I will register one particular point of disagreement I have with Mayhew. He claims that Plato commits a logical fallacy in a key part of the argument for god's existence. It will help first to summarize the chief points of Plato's argument: (a) all motion or change is ultimately due to one or more self-moving entities; so (b) these self-movers, as the originators of all motion and change, are "prior" to entities which are merely moved by other things. Now, (c) self-movers must be alive (that is, they must be ensouled things), because when we say something is alive we mean precisely that it has the power to cause motion or change in itself. That power is the soul. So (d) the first principles of the physical cosmos are souls, in virtue of which self-moving entities move themselves; souls are prior to all bodily, physical entities. From this point, Plato goes on to argue that (e) among these self-moving first principles of the cosmos are gods: these will be souls that are guided in their motion by reason (nous). In arguing for (e), Plato asserts not just the priority of soul over inanimate bodily nature, but more specifically the priority of reason (and other particular aspects of soul) over body. He makes this claim most expansively at 896d: "Habits, moral characteristics, wishes, calculations, true opinions, supervision, and memory would have come into being prior to length of bodies, width, depth, and strength, if soul is prior to body."

Mayhew suggests that in making this last claim, Plato commits the fallacy of division. He takes Plato to be reasoning as follows (p. 130):

(1) Soul is older than or prior to body.

(2) Therefore, every part or aspect or manifestation of soul is older than or prior to every part or aspect or manifestation of body.

But (2) does not follow logically from (1). Mayhew believes this is no "trivial logical slip" (p. 131); for unless fixed, he claims, it undercuts Plato's core line of argument.

Now, I'm not completely convinced that Plato is committing the fallacy Mayhew attributes to him. Plato may have some reason to consider (2), or something like it, to be implicit in (1), given his (normal Greek) conception of soul as what's explanatory of life, and given that he (peculiarly) treats all cases of self-motion as forms of life. Given these views, he may well feel the need to emphasize, by asserting (2), that what ultimately explains every physical change or motion will be, in every case, some property or aspect of soul, and not any material property of bodies; soul does indeed have that kind of global and comprehensive priority to body on his account. It seems to me that the chief weakness in Plato's argument lies not in the inference from (1) to (2), but rather in (c), with the identification of self-motion and life. These suggestions would need to be fleshed out, of course. But the point I want to make is that even if the fallacy is indeed there, it is not nearly as damaging to Plato's overall argument as Mayhew makes it out to be.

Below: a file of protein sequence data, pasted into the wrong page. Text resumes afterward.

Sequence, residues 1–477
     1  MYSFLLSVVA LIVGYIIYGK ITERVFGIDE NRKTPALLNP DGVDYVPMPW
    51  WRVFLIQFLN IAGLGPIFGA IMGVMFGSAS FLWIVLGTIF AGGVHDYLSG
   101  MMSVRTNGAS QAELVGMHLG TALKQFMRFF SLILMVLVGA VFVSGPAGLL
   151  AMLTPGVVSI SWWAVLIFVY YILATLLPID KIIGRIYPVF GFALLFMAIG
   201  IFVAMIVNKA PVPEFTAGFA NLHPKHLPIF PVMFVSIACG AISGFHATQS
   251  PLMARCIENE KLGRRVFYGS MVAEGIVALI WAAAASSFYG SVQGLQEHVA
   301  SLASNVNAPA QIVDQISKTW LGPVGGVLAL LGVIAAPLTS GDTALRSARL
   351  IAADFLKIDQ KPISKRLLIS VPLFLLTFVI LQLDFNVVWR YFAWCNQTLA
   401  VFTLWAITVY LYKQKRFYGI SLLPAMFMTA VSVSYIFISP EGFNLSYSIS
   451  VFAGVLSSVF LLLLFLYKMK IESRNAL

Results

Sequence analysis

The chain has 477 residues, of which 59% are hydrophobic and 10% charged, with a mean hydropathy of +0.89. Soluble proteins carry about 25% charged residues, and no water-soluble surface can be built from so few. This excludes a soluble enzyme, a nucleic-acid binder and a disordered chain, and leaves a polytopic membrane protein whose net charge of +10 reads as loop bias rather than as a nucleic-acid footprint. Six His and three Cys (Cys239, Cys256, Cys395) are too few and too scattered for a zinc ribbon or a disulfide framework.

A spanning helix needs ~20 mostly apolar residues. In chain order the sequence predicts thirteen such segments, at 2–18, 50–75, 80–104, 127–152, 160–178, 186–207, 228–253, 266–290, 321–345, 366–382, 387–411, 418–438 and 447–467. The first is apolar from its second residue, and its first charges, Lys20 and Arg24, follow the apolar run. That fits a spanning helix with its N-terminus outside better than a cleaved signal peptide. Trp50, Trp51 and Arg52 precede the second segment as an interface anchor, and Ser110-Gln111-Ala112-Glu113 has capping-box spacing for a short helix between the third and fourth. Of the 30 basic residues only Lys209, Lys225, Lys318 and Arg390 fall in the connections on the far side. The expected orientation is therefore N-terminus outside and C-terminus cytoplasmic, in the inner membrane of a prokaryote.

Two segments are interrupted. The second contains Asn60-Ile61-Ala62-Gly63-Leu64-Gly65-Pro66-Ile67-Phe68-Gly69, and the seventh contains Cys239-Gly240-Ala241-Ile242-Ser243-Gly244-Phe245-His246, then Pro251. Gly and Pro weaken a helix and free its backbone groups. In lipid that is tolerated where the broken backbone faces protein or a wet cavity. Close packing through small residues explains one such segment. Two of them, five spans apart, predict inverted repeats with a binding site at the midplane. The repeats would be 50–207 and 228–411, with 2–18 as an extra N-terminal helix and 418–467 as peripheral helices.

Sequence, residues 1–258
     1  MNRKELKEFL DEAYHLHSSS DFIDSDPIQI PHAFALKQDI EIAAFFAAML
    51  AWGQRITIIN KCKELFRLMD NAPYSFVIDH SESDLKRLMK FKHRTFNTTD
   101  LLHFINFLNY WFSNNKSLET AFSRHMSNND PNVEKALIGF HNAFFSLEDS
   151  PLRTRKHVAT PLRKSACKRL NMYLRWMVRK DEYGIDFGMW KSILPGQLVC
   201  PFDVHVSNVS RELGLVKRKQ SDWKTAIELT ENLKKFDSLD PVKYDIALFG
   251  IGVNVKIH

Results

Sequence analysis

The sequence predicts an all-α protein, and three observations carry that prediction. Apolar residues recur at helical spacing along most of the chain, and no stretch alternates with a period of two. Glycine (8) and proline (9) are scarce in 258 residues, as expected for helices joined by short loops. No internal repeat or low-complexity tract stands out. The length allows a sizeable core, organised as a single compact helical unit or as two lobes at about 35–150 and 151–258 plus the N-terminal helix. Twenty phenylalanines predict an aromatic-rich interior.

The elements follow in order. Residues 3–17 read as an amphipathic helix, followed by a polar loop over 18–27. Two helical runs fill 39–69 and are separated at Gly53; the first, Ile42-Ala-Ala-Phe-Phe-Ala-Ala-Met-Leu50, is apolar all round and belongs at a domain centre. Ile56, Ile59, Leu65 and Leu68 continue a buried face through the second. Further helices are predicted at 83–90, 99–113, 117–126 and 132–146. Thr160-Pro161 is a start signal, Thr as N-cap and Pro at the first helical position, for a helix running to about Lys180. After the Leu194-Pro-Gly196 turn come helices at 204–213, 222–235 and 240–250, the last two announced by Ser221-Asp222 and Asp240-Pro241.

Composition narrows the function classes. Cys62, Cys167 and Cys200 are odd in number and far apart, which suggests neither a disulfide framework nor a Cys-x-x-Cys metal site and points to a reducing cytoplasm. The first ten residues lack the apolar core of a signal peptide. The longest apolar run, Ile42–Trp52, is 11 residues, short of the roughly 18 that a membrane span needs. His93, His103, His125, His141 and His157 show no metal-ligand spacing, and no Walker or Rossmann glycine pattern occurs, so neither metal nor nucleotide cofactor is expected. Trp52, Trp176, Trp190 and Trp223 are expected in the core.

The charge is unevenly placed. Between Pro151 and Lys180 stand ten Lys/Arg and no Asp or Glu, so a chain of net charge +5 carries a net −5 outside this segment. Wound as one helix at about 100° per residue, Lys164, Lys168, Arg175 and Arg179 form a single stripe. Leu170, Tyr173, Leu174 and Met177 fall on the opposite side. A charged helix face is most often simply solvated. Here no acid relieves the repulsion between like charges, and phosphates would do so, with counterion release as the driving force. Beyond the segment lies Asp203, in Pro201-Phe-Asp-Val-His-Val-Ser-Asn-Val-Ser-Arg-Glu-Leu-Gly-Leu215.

Mayhew points out, correctly, that in arguing for (1), the most Plato can hope to have shown is that at least one self-mover (and so, one soul) existed prior to the formation of physical bodies; as to whether such a pre-cosmic being possessed (or could have possessed) faculties such as reason or memory, or moral characteristics, no conclusion follows. Plato "has given us no reason to think that these could not and did not come to be only alongside or after the appearance of certain physical entities -- i.e. animals and especially humans" (p. 130). Mayhew is worried because Plato has given us no grounds for inferring, from the observed properties and abilities of embodied souls, the properties and abilities of souls that existed antecedently to the formation of the physical cosmos. But absent such grounds, Mayhew thinks, Plato cannot show that these pre-cosmic souls are rational and hence divine.

I think that this worry betrays a mistaken (but widely shared) assumption about Plato's overall argumentative strategy for showing that the gods exist: to wit, the assumption that Plato's argument is meant to prove the existence of any and all gods that exist. In fact, in Laws 10 Plato is uninterested in establishing conclusions about the existence or character of unembodied gods (let alone pre-cosmic gods). His brief is to establish that there exist gods who govern human affairs, and to this end the gods he decides to talk about are the souls that move the celestial bodies. The reason he wants to talk about these particular gods is precisely that they can be observed -- or more precisely, their orderly, circular motions can be observed. The character of these motions, Plato thinks, offers positive grounds (as noted above) for the inference that the souls causing them are reasoning beings; this is the inference he relies on to establish the existence of gods. So there should be no worry that Plato simply assumes that certain mysterious, unobservable souls could be rational in a way at least somewhat similar to human rationality. What Plato needs to show in order to combat impiety is simply that there exist some gods who care about humans; and to show this, he confines himself to discussing the case of the celestial gods, the souls associated with the celestial bodies. About these souls we can make claims (Plato thinks) on the same sort of basis on which we make claims about the souls of our colleagues, neighbors, and pets: by observing what they do. (We may, of course, presume that Plato thinks that other sorts of gods exist; if so, they too will no doubt be rational, though their metaphysical character and relationship to the physical cosmos will be different from that of the celestial gods. But the argument of Laws 10 is silent on these matters.)

Although I have indicated what seem to me to be some shortcomings of this volume, I'd like to end by emphasizing that it is on the whole a clear, useful, and judicious examination of a too-long neglected text. I have no doubt that it will both stimulate new interest in Laws 10 and provide a sturdy foundation for further study of it.